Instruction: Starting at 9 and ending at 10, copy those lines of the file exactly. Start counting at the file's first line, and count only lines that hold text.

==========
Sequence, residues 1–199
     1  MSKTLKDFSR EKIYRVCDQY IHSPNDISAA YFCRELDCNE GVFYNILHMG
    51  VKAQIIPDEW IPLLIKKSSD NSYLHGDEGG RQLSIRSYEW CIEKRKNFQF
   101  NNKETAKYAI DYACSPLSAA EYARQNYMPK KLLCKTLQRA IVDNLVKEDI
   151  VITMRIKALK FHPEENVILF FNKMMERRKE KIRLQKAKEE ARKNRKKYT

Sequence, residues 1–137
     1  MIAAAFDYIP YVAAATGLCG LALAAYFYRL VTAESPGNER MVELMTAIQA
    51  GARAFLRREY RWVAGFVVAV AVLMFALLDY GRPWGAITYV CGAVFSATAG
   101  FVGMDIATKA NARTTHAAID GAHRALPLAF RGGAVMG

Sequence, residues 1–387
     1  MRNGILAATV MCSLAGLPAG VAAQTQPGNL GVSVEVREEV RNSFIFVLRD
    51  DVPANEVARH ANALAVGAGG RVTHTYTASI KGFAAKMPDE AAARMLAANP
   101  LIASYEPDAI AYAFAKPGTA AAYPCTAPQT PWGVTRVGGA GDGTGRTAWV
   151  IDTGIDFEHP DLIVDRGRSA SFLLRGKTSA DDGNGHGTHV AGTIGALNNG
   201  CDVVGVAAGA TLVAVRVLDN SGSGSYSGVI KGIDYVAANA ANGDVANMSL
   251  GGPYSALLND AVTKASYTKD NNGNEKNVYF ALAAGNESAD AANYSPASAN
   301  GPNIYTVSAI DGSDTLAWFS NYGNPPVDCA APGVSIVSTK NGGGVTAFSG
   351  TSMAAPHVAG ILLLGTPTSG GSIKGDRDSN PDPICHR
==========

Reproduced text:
   101  FVGMDIATKA NARTTHAAID GAHRALPLAF RGGAVMG

Sequence, residues 1–387